First published on MSDN on Jan 07, 2007

SQL Server client stack has a facility to let user define connection aliases. Connection Alias can usually help user make connection eaiser, faster and with more convenience. However, if it's not used properly, it sometimes results in connectivity issues which might be difficult to isolate.

User can take advantage of connection alias in both MDAC and SNAC. The information is saved in registry. There are two tools can be used to define alias. One is SQL Server Connection Manager shipped with SQL Server 2005. The other one is SQL Server Client Network Utility shipped with Windows and can be found
at C:WINDOWSsystem32cliconfg.exe .

All connection alias information can be found under the following registry:

Basically, alias can be used to:
1) define a easy-to-remember (or use) name of a real SQL Server name.
2) redirect SQL connection with SQL Server to another SQL Server instance on any machine.
3) make connection to SQL Server using a specific protocol (e.g. TCP, Named Pipe, etc) with specific parameter (e.g. TCP port, pipe name).

Case 3) is probably the most frequent usage. Because an alias always has a pre-defined protocol, it can speed up your connection. When making new connections, SQL server client try various protocols (Shared Memory, TCP, Named Pipe, VIA, etc) in a sequence. There is a pre-defined default protocols sequence, but user can change the sequence using the tools mentioned above. SQL Server Connection Manager is for SNAC and SQL Server Client Network Utility is for MDAC. If a connection fails with one protocol, we may try connection with another protocols if there are still time for login. So, if a user knows which protocol the server is listening on and they want to used it, he can define alias to use that protocol directly, saving the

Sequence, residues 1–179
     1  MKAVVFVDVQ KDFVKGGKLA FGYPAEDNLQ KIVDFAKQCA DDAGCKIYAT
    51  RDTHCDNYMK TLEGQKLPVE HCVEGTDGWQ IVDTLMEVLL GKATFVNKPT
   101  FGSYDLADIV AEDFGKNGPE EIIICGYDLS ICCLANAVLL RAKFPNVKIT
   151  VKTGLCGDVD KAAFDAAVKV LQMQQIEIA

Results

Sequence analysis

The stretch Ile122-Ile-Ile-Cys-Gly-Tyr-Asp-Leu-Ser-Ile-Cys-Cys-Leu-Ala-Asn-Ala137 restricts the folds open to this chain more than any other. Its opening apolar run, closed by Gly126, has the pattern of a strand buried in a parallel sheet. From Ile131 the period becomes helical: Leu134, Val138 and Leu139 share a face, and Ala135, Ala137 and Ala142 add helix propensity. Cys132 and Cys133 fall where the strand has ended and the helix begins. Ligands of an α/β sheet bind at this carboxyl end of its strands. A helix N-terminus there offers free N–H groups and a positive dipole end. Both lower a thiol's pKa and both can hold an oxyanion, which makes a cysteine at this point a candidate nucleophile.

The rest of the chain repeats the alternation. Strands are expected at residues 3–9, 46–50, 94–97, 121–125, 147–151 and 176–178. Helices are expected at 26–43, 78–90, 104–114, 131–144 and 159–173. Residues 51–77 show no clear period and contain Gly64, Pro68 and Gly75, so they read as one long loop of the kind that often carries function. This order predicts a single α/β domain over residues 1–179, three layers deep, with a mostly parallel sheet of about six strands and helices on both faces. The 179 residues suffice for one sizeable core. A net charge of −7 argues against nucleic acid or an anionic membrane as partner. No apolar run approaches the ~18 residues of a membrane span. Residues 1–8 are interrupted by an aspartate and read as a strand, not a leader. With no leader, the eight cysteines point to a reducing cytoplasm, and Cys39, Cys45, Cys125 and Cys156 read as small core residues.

time to try and fail with other protocols. Also, he can chose a protocol which has better performance on his system.

Two use cases:
a) A user can make connection to SQL Server named instance without having to specify the instance name in applications. For example, you have a named SQL Server instance NewInst on machine MyHost. You can define MyHostAlias to use Named Pipe protocol with the following Pipe name \MyHostpipeMSSQL$NewInstsqlquery ,

b) A user wants to use TCP protocol and has already configured the SQL Server to listen a specific port (e.g. 3456) rather than the default port 1433. Then, he can define a alias to do so. User can also pecify IP address directly in alias, thus saving some time on DNS query.

In the above cases, since the TCP port and/or Pipe Name is known and have been saved with alias, user does not have to rely on SQL Browser to discovery the server, which saves time and exposes less security risk as well.

As you can see, alias has a lot of benefits. However, if not used properly, you may see issues hard to trouble-shoot. For example, you defined an alias called MyHost and let it connect to a SQL Server on MyHost using TCP. Later, your DBA decides to turn off TCP and let the server only listen on NP or change TCP port number, you may not be able to connect to MyHost unless you remember an alias is defined and delete/redefine the alias. It's usually very hard for a user to realize the alias is the root cause of the issue.

So, as a suggestion, you'd better always put some special words in your alias so that you know it's an alias at anytime.

Xinwei Hong, SQL Server Protocols

Disclaimer: This posting is provided "AS IS" with no warranties, and confers no rights